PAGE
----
The Southwestern Historical Quarterly, Volume 84, July 1980 - April, 1981 Page: 133

Urban Development, Economic Growth, and
Personal Liberty: The Rhetoric of the Houston
Anti-Zoning Movements, 1947-1962
called the "hair shirt of the city planners" because it is the only
major American city without zoning.' In 1929 and 1938 zoning was
shelved by the city council, and in 1948 and 1962 Houston voters de-
cisively rejected zoning ordinances. These setbacks can be attributed to
the efforts of a small, well-organized pressure group that understood
and reflected the conservative political ethos of the city. Although zon-
ing opponents created a detailed analysis of zoning theory and practice,
their public campaign was heavily weighted with emotional argument.
They asserted that zoning violated private-property rights, retarded eco-
nomic growth, and was inherently corrupt, unfair, and un-American.
Profoundly conservative, the anti-zoning rhetoric elicited a positive
response among Houstonians, especially in 1948 and 1962, when zoning
opponents used scare tactics to influence public opinion.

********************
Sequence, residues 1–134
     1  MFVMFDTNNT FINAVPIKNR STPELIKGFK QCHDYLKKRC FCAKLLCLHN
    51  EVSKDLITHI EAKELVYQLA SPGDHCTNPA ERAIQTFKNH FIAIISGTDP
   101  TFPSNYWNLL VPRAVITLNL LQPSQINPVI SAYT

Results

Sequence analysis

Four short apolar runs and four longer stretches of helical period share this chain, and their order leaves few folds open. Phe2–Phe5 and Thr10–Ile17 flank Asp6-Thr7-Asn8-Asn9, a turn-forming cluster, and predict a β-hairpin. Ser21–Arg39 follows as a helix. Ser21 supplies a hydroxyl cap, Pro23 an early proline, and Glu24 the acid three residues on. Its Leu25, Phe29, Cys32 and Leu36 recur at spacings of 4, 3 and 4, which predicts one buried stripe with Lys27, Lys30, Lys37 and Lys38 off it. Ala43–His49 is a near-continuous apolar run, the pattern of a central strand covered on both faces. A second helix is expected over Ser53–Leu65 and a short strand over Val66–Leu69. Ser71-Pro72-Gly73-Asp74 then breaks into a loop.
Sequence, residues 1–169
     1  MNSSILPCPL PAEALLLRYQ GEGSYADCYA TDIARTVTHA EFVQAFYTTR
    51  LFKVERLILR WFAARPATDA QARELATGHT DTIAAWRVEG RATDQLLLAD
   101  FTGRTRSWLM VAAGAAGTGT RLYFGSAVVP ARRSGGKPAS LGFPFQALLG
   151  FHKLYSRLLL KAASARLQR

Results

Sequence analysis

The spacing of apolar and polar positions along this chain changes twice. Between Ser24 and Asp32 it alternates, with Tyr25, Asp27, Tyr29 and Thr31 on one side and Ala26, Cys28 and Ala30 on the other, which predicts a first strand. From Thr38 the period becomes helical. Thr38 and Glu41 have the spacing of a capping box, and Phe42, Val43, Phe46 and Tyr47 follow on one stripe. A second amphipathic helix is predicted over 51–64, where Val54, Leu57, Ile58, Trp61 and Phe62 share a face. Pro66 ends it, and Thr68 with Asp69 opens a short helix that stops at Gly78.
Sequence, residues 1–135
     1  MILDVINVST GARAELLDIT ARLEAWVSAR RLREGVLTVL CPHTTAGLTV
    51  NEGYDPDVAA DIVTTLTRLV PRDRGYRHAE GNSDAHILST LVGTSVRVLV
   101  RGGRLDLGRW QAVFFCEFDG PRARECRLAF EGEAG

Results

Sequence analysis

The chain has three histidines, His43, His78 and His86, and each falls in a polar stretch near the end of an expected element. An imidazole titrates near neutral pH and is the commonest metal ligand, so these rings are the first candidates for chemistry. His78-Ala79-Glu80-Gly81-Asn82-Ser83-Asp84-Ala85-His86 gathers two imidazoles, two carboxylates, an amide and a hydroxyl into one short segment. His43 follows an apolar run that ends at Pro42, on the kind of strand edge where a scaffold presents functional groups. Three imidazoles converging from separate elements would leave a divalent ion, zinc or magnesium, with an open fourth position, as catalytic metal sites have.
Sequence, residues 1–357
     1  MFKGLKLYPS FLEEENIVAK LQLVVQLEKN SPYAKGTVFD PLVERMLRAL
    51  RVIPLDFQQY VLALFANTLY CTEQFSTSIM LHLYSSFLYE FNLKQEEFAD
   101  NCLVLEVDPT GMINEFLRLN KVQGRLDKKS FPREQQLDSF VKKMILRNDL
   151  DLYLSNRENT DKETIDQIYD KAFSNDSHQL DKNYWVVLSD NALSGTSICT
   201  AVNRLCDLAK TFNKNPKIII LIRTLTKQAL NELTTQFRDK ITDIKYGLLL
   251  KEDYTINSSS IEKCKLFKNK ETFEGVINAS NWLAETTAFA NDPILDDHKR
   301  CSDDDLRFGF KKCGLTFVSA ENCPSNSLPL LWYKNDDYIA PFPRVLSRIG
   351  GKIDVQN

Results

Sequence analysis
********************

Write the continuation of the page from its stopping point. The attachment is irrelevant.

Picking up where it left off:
Although fascinating in their own right, the zoning controversies and
the accompanying rhetoric offer the historian a useful tool in compre-
hending the values, ethos, and fears of Houstonians from 1929 to 1962.
While the nexus of the anti-zoning arguments remained constant, ex-
cept for 1929, and while remarkable continuity existed in the com-
position of the anti-zoning organizations, rhetorical shifts nevertheless
occurred between campaigns which illustrated the spirit of the times.
In 1929 and 1938 when the issue was before the city council, zoning
foes intimidated the council by packing its chambers with vociferous
opponents. Realtors and small property owners, who perceived zoning
to be inimical to their profession and to their economic interests, or-
ganized and led the zoning opposition. Without attempting to hide
*Barry J. Kaplan is an assistant professor of history at the University of Houston.
1Richard F. Babcock, The Zoning Game: Municipal Practices and Policies (Madison,
1966), 25 (quotation); Don E. Carlton and Thomas H. Kreneck, Houston: Back Where We
Started (Houston, 1979), 26.

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Texas State Historical Association. The Southwestern Historical Quarterly, Volume 84, July 1980 - April, 1981, periodical, 1980/1981; Austin, Texas. ( accessed July 22, 2017), University of North Texas Libraries, The Portal to Texas History,; crediting Texas State Historical Association.